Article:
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Nitrates in Food: Can They Lower Blood Pressure?

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Nitrates in Food: Can They Lower Blood Pressure?

In a small study published in the New England Journal of Medicine, scientists at the Swedish School of Sport and Health Sciences found that the nitrates in certain vegetables helped to maintain blood vessel integrity and decrease blood pressure in 17 healthy, nonsmoking, young adults.

The participants each took a nitrate supplement equivalent to the amount of nitrate found in 150–250 grams of nitrate-rich vegetables for 3 days and took a placebo for 3 days. The participants diastolic blood pressure was an average of 3.7 mm Hg lower after 3 days of taking the nitrate supplements than it was after 3 days of taking the placebo.

In a separate study published in Hypertension, British researchers gave 14 healthy volunteers 2 cups of beet juice or water, which they drank within 30 minutes. Their blood pressure was checked every 15 minutes for 1 hour before they drank the juice or water and then every 15 minutes for 3 hours after drinking it. It also was checked again every hour for 6 hours and then at 24 hours after drinking the juice or water. The participants who drank the beet juice experienced a blood pressure drop an hour after drinking it. The blood pressure was at its lowest 2½–3 hours after drinking it and continued to have an effect for up to 24 hours. The blood pressure levels were at their lowest when the nitrite levels in the blood were at their highest.

Nitric oxide
Nitric oxide is a vasodilator and is important for vascular function and blood flow. Nitric oxide is crucial for vasodilation, blood pressure regulation, inhibition of endothelial inflammatory cell recruitment, and platelet aggregation. It also decreases inflammation in the body and improves glucose metabolism. Nitric oxide levels can decrease with hypertension, diabetes, or high cholesterol, as well as with endothelial cell damage. This decrease in nitric oxide can lead to the development of insulin resistance, hypertension, stroke, and atherosclerosis. Researchers also believe that a decrease in nitric oxide may play a role in the development of Parkinson’s disease.

Exercise
Exercise enhances nitric oxide production and as a person ages, their vasculature creates less plasma nitrite during physical activity. Dietary nitrate supplementation is found to cause more efficient energy production during submaximal exercise.

Fruits and vegetables
It is not a new fact that a diet rich in fruits and vegetables can reduce blood pressure, which is why the Dietary Approaches to Stop Hypertension (DASH) diet calls for the consumption of four to five servings of vegetables and four to five servings of fruit each day.

Pomegranate juice seems to protect nitric oxide from oxidation and enhance its biological activity. It seems that probiotics also provide nitric oxide from nitrite and nitrate. It is possible that the nitrate content of organic vegetables is  less than that of vegetables grown with the use of nitrogen-containing fertilizer. Nitrate is lost via peeling, washing, and cooking of fruits and vegetables.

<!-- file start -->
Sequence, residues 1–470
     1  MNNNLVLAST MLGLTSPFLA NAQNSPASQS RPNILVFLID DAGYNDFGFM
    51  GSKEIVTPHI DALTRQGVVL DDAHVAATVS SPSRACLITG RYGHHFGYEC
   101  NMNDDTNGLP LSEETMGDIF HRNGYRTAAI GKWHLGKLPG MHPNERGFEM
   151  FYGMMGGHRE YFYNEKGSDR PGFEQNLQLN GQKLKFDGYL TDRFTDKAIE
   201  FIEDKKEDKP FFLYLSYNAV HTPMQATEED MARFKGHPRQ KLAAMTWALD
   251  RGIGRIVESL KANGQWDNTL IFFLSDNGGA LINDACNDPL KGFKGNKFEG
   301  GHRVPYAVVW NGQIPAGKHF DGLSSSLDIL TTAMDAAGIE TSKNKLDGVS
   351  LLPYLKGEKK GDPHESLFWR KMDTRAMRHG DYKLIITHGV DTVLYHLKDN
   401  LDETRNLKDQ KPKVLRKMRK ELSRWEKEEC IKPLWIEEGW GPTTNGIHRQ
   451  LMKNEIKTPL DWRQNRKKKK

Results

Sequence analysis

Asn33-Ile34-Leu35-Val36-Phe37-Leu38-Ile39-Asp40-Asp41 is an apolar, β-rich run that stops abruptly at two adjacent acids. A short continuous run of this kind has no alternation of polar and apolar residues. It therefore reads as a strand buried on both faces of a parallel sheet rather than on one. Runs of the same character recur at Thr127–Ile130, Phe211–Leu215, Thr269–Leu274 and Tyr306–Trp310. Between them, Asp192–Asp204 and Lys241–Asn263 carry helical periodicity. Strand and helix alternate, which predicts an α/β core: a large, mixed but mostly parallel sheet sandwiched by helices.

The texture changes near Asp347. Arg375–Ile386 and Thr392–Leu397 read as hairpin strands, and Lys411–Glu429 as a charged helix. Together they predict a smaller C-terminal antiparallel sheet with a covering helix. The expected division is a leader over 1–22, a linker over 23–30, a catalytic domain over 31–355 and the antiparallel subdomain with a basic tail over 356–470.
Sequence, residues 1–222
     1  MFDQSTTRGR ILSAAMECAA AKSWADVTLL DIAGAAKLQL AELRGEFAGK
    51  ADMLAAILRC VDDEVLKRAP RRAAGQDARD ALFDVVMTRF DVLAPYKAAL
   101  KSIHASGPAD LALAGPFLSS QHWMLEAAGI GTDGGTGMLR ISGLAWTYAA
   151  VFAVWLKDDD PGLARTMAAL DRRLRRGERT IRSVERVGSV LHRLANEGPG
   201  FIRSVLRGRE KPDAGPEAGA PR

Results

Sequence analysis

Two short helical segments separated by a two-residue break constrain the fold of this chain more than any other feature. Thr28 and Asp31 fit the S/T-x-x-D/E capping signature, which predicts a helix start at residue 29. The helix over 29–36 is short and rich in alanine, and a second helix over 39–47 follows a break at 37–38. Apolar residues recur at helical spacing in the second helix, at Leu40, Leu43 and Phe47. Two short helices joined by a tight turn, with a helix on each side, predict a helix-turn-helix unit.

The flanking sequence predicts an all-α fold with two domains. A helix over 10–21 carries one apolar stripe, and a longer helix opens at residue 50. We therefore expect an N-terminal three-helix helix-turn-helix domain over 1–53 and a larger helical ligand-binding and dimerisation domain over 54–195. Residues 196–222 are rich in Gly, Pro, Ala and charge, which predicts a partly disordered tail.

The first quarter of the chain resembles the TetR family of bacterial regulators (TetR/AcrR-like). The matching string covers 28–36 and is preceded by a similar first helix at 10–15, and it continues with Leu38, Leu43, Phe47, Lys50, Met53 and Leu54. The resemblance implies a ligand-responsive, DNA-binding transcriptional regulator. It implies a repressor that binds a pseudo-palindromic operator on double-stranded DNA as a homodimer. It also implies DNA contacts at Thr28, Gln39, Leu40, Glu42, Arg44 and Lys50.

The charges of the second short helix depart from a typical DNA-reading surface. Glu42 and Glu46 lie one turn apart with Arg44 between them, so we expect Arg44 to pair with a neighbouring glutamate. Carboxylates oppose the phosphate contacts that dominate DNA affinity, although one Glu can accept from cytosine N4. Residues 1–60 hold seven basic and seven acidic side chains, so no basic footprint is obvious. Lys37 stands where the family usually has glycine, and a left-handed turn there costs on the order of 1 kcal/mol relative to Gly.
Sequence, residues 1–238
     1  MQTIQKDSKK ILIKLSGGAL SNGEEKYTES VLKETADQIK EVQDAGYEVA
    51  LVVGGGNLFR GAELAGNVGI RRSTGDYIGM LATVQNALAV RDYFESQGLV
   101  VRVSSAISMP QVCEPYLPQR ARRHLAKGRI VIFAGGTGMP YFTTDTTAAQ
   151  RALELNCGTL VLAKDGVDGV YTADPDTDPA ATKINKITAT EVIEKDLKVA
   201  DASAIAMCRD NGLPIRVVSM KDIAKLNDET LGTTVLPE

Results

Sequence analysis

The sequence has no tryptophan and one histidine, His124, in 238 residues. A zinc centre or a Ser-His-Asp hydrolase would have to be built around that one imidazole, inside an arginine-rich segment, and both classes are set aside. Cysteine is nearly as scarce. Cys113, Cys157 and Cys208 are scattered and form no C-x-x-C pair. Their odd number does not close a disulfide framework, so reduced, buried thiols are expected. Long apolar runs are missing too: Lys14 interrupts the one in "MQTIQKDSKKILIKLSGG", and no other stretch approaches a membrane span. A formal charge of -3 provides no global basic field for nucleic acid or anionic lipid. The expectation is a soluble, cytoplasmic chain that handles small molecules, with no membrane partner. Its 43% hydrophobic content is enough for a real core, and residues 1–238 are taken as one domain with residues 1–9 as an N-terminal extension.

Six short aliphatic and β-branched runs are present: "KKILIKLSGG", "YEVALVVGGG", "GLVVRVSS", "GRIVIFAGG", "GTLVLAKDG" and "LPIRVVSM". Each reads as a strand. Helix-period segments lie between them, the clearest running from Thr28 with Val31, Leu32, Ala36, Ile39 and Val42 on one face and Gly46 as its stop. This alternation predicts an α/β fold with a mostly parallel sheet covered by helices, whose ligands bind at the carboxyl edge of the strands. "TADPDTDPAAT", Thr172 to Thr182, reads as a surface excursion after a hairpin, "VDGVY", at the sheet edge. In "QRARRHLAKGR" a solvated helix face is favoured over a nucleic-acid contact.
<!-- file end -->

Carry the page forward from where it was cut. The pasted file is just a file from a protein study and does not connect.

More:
Vegetables that are very high in nitrate content include:

  • Celery
  • Cress
  • Chervil
  • Lettuce
  • Red beetroot
  • Spinach
  • Rocket (rugola)

Vegetables that are high in nitrate concentration include:

  • Chinese cabbage
  • Endive
  • Fennel
  • Kohlrabi
  • Leeks
  • Parsley

Vegetables that contain a “middle” amount of nitrate include:

  • Cabbage
  • Dill
  • Turnips
  • Savoy cabbage

The following foods contain low or very low levels of nitrate:

  • Applesauce
  • Bananas
  • Broccoli
  • Carrots
  • Cauliflower
  • Cucumbers
  • Pumpkin
  • Chicory
  • Artichokes
  • Asparagus
  • Broad beans
  • Eggplant
  • Garlic
  • Onions
  • Oranges
  • Green bean
  • Mushrooms
  • Peas
  • Peppers
  • Potatoes
  • Summer squash
  • Sweet potatoes
  • Tomatoes
  • Watermelon

Diet recommendations
You should avoid nitrates in processed meats. They are known to have negative health effects, including an increased risk of certain types of cancer and chronic obstructive pulmonary disease (COPD).

It is strongly suggested that the benefits of fruit and vegetable consumption far outweigh any perceived risk of developing cancer from ingestion of these foods. Dozens of studies have found that a high intake of fruits and vegetables helps to decrease blood pressure. It is recommended that people consume a wide variety of fruits and vegetables each day. Patients with hypertension also may find it beneficial to consume beet juice.

 

References and recommended readings
Bergman E. Beet juice lowers blood pressure: nitrates found in vegetables may protect blood vessels. Available at: http://www.webmd.com/hypertension-high-blood-pressure/news/20080208/beet-juice-lowers-blood-pressure. Accessed May 31, 2012.

Hord NG, Tang Y, Bryan NS. Food sources of nitrates and nitrites: the physiologic context for potential health benefits. Am J Clin Nutr [serial online]. 2009;90:1-10. Available at: http://www.ajcn.org/content/90/1/1.full. Accessed May 31, 2012.

Reif MC. Nitrates and blood pressure. Available at: http://www.netwellness.org/question.cfm/74001.htm. Accessed May 31, 2012.

Warner J. Nitrates lower blood pressure: nutrient found in spinach, other vegetables keeps blood vessels healthy. Available at: http://www.webmd.com/hypertension-high-blood-pressure/news/20061227/nitrates-lower-blood-pressure. Accessed May 31, 2012.

 

Contributed by Elaine Koontz, RD, LD/N

 

Review Date 6/12
G-1814

G_1814_Nitrates_in_Food_Can_They_Lower_Blood_Pressure.doc

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